With MPs back in the House of Commons following the Easter break, we take a look at what contribution Karl McCartney makes to Parliament.
In the second of this series, analysis of figures from the House of Commons Library shows some of the work that the Conservative MP for Lincoln does behind the scenes.
Much of the day-to-day business of being an MP takes place in committees, which examine issues in detail, from government policy and proposed new laws, to wider topics like the economy.
Karl McCartney, who serves as a backbench MP, was sitting on two committees, as of March 7 this year.
These were the Speaker's Committee on the Electoral Commission and Transport Committee.
The average sitting MP was also a part of two committees, while around a quarter were not part of any.
Meanwhile, two Labour MPs were members of 11 each.
Members can also be active in informal, cross-party All-Party Parliamentary Groups, for those who share a common interest in a particular policy area, region or country.
Mr McCartney, 53, had a role in 12 APPGs.
The vast majority of bills that the House passes into law come from the ruling party, but MPs – typically those not in Government – can also introduce legislation through Private Members' bills.
Very few of them become law but it can create publicity around an issue, or affect future legislation indirectly.
Karl McCartney presented none of these bills between the state opening of Parliament on December 16 2019 and March 7.
The same was true for the majority of his parliamentary colleagues.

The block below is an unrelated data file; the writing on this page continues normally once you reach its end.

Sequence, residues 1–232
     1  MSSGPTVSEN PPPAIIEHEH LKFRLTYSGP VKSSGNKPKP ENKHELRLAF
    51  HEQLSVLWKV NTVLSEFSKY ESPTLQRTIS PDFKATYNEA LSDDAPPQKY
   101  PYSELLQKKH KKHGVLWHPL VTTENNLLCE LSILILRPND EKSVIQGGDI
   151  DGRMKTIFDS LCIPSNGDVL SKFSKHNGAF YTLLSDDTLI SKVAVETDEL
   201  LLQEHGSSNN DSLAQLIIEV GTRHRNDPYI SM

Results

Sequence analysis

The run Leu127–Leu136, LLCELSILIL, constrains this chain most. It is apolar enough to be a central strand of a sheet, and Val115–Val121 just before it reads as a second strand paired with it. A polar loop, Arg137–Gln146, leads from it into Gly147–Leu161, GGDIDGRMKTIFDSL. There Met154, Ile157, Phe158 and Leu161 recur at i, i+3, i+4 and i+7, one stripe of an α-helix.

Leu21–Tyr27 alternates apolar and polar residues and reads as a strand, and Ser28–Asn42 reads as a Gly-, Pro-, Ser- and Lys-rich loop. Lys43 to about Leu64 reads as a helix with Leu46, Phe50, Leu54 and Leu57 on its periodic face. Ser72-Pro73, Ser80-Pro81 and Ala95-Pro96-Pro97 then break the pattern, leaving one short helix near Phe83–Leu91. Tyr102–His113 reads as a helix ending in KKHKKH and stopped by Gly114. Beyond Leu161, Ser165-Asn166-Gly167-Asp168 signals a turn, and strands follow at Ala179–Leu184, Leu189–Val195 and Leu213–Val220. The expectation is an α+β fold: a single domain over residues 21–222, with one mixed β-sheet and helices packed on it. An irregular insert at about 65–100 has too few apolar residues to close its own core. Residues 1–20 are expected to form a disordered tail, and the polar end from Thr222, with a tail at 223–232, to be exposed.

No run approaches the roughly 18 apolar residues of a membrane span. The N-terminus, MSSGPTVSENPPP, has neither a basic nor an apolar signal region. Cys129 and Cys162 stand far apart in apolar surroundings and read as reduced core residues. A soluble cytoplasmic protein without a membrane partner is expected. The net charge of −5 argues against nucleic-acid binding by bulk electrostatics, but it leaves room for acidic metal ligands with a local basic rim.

Over this period, he has signed one Early Day Motion – which are another way an MP can draw attention to a particular issue, though they rarely result in any action being taken.
MPs can also bring forward petitions, calling for Government action, on behalf of their constituents – but Karl McCartney has not presented any.
Finally, Members can apply for certain types of debates or Urgent Questions to initiate discussions on a topic in the Commons or Westminster Hall.
However, Karl McCartney has not been granted any applications during this Parliament.
John O'Connell, chief executive of the TaxPayers' Alliance, said: "These figures give taxpayers some much-needed insight into the workloads of their Westminster representatives.
"Given the average MP now costs over £200,000 in total, constituents are right to expect them to deliver on their duties.
"It's up to the electorate to decide if parliamentarians are earning their keep."
The Institute for Public Policy Research said the essence of democracy is MPs linking citizens to policymaking.
But Dr Parth Patel, research fellow at the think tank, said their research shows that the vast majority of citizens no longer believe they have the most sway over policy decisions made by their representatives, and that trust in MPs is nosediving.
"We need an active and empowered Parliament, with MPs on all sides of the house able to speak their minds and act in the interests of their constituents.
"When participating in debates, MPs must remember to put citizens at the heart of everything they do and say in their name."